Another streaky vermilion sunrise, icy cold, with all that deep colour staining the skies and landscape. A blood-red scarlet glory of a sunrise. Horned owls flying home across the fields, blue cranes flying south towards the dam.
It is freezing cold, there must be snow falling on the mountains.The mountain peaks are hidden behind cloud and mist, but I can smell snow in the air. As I type these words I am wearing fingerless woollen mittens with pink and dark blue horizontal stripes and trying to finish off a long report all about human rights, economics and how we fit in a little ecology as an afterthought, always a bad thing. This report must be emailed off to a desk in Montreal and once it has been written and checked and checked again and sent off, I shall eat a poached egg on a slice of wholewheat bread as my reward. The soaring music of Bach fills the living room.
The sweet dog is waiting for his morning walk. A friend is waiting for me to call back. A mysterious new fiction is waiting to be written. Bach’s Cello Suites go on soaring. More references. more footnotes, rewriting for concision. The mist drifting like gossamer down the mountain slopes.
And in between fetching more tea, Darjeeling in the small white teapot, and checking my spelling. I scribble away on this blog, so companionable, so receptive and forgiving. What is the point of blogging, after all? Cathartic, a way of snaring the moment as it slips away, recording a mood, a passing whim, a passing fear or grudge — there it is, written down, expressed, out in the open.
When I was small, we were encouraged to write to pen pals overseas in the Commonwealth, other schoolchildren who wanted to hear details about living in Africa. Every Friday afternoon I would sit down with my blue airmail writing paper marked Par Avion and I would write about giraffes and lions and rivers full of crocodiles. Then the letter would be sent off to the city and from there it would be sent by plane to London. And weeks or months later, I would get a reply from somebody writing about football and Barbie dolls and the price of sweets called Liquorice Allsorts and sherbet fountains. My pen pal would ask if I lived in a jungle and if I was allowed to run around without clothes. I would write back and explain that we wore straw hats and long-sleeved tops because of the fierce sun. And then I would draw a picture of a hippopotamus.and ask my pen pal to draw a sherbet fountain. Wild animals did not interest me very much because they were always there, out on the veld, in the rivers, going about their own business. If I tried to write about my real life, how dogs needed to have ticks gently removed after a walk in the veld, the heat at nights and my mother’s nervousness about bats hanging upside down in the garage, the Shona men and women singing as they walked downtown to protest white racism, the delirious bouts of malaria I suffered each summer, my pen pal would ask about the giraffes and lions. She only cared for what she called the ‘real Africa’, by which she meant the African fantasy shown in cinemas and in magazines about wildlife. I was not real to her and she once asked if I could get a bone to wear in my nose like little black Sambo. She didn’t know any better and I had no idea of her life, could only see her with pigtails and pink cheeks amidst red double-decker buses and English colonels in tweed jackets, eating her Liquorice Allsorts. Our correspondence faltered and then stopped. My life did not seem that exotic to me, but her life had an ordinariness I envied.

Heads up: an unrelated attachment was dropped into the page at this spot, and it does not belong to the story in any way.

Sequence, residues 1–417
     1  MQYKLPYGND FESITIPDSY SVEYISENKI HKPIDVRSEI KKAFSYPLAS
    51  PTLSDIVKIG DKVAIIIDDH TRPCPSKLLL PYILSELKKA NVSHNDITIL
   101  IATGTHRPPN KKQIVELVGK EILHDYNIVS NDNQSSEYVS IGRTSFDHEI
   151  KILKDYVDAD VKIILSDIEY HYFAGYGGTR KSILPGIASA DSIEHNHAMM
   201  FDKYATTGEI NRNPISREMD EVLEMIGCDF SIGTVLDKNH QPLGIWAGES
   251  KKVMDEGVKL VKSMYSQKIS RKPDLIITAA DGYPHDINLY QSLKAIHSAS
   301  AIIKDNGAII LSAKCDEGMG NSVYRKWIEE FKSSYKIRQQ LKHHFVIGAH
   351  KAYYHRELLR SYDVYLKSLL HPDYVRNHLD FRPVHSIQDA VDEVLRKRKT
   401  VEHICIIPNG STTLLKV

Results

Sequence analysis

And my reports even today remind me of those letters sent to someone on the other side of the world who wants only the ‘real Africa’, the dramas and tragedies, the cost of mass starvation and the cost of rescue missions,a lurid and exaggerated fantasy of Africa, not the patient complex lives of ordinary people privileged to live in one of the last areas of wilderness in the world, a vanishing kingdom of giraffes, elephants, lions and embattled rhinos.
And now I must end this three-minute blog and finish my report, no more three minute breaks, no more time spent at play, not even two minutes to take away a pillow from the dog, not even a minute to spare. Here’s Tim Minchin’s Three-Minute Song: